The moratorium, which has been in place for six months, was first established by commissioners on September 15, 2021, and has already been extended once, by a month.
Although wind farm regulations were not on the agenda, several people showed up to discuss the matter at a county commissioners meeting on Tuesday, March 15.
County commissioner Mark Schoenrock said, “If we were to extend the moratorium, we would have to figure out the length of that moratorium, so that a fair, accurate and thorough study could be made, going to the appropriate process that addresses the interests of all parties that are part of that process, both those who would like to have wind and those who are opposed to it.”
Schoenrock added, “I have heard that message a number of times, that more study is needed in this.”
David Levy, an attorney with Baird Holm LLP, which represents NextEra Energy Resources, spoke at the meeting. NextEra is the company that owns the Steele Flats wind farm in Steele City and hopes to erect more wind turbines in the county. Levy pointed out that there are a number of individuals who support wind farms and wish to participate and have been forced to wait, “They want to put their land to this use voluntarily. Other people in the county want to do that as well.”
“You do have a very hard job that’s neither an art nor a science. It’s certainly a challenge,” Levy said about the commissioners’ decision. “But please, as you’re doing that, try and tune out the hyperbole and think about the property rights and the facts and the evidence they have before you. You could extend the moratorium certainly, that’s what’s in your purview. If you were to do that, I would encourage you to do it for a very short time. Because again, you have people who want to put their land to this use. Remember them, as well.”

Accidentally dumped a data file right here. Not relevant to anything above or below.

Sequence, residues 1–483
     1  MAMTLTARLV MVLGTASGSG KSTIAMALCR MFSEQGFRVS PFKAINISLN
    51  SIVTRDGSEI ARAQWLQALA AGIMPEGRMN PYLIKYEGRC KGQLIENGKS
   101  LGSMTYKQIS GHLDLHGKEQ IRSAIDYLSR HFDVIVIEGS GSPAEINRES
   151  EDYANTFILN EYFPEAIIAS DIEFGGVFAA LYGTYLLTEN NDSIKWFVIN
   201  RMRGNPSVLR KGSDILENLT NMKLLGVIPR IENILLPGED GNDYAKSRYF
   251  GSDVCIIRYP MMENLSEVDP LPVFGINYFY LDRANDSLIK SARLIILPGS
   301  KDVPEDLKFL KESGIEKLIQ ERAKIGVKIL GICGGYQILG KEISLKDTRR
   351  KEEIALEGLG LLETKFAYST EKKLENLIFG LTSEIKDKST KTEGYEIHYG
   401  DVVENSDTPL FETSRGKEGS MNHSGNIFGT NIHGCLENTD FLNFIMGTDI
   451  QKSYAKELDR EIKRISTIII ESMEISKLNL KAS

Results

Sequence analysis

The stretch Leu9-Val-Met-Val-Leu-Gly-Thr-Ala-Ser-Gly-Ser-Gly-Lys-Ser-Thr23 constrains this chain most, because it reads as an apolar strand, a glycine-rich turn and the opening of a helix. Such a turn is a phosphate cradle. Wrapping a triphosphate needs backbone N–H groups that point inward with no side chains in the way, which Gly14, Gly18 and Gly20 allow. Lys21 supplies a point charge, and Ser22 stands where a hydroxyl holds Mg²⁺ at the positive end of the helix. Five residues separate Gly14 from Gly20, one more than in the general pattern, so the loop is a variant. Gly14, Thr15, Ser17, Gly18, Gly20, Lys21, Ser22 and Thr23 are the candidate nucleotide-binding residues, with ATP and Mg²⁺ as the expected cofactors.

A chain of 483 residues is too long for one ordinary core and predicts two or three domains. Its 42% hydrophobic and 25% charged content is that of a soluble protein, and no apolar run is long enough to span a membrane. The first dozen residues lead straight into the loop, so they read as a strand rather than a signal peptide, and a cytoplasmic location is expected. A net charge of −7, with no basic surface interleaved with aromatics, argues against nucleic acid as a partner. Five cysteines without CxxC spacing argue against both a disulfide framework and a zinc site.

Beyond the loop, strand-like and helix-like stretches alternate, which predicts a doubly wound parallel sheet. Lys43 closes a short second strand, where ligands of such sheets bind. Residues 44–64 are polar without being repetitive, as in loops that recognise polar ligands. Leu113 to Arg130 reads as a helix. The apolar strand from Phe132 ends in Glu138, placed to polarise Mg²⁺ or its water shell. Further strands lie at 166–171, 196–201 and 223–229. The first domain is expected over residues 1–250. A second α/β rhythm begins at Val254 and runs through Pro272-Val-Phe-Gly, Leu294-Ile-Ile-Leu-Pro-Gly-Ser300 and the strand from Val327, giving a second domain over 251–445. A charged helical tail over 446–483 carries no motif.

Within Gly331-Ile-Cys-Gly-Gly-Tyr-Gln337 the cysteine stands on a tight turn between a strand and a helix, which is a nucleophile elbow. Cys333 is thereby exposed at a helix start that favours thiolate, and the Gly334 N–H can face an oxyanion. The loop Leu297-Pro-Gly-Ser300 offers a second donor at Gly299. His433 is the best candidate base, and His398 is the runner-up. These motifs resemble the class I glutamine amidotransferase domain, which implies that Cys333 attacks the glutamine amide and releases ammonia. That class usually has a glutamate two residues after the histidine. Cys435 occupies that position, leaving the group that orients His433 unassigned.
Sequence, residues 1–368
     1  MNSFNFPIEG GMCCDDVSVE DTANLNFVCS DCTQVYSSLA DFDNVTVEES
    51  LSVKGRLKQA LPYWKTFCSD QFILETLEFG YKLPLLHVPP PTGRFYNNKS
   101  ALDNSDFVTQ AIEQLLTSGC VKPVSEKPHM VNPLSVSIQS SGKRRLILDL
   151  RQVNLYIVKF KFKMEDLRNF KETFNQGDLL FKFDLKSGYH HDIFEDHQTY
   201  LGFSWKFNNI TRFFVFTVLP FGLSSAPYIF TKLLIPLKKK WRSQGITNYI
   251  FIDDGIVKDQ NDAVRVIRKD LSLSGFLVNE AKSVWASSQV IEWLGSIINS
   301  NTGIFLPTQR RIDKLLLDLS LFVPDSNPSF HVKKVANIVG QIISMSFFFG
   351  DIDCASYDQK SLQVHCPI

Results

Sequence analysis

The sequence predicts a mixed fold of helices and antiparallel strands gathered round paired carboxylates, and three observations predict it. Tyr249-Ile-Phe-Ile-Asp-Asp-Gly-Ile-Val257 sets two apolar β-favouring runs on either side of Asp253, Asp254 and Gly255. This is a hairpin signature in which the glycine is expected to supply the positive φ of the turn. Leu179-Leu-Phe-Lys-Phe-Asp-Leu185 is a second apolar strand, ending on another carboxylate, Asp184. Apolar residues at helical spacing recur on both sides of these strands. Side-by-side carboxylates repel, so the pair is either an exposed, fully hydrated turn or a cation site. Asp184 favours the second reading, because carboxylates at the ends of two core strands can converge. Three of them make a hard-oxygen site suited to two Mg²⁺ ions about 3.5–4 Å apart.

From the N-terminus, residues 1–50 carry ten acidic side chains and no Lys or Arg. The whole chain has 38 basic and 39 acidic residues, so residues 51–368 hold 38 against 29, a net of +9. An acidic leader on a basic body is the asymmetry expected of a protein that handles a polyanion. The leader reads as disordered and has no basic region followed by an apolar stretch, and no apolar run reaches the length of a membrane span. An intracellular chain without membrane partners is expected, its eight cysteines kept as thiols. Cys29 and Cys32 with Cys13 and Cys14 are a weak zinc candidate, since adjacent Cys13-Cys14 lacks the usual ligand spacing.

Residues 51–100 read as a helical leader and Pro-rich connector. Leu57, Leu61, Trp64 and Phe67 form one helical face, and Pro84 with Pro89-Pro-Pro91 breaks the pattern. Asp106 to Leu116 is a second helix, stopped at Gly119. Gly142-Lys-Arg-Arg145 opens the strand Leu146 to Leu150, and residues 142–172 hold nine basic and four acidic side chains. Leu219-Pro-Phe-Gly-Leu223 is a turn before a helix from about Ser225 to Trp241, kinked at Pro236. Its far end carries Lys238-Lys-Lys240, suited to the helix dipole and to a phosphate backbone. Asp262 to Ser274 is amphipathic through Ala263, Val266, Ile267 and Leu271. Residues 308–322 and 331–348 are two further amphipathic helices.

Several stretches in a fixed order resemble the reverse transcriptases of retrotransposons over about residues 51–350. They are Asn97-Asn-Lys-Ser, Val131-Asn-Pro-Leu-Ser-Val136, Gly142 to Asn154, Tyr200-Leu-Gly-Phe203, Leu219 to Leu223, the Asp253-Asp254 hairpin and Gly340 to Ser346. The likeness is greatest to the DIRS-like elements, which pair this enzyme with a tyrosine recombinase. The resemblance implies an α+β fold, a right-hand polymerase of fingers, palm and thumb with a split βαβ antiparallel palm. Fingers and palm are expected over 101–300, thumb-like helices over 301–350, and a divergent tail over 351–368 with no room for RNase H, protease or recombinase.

Levy added, “But extending the moratorium for the sake of extending the moratorium, and with all respect, putting off a difficult decision like we all do, sometimes, I would discourage you from doing that.”
County commissioners have reported receiving hundreds of phone calls since a hearing on March 1 about the regulations. Schoenrock said, “I bet I’ve talked to close to 300 people in the last two weeks. My life has not been my own.”
They have also been presented with printed research. Commissioner Michael Dux said, “We got over 2,000 pages two weeks ago.”
Like any controversial subject, there is a great deal of information available online. There is also a great deal of misinformation and disinformation.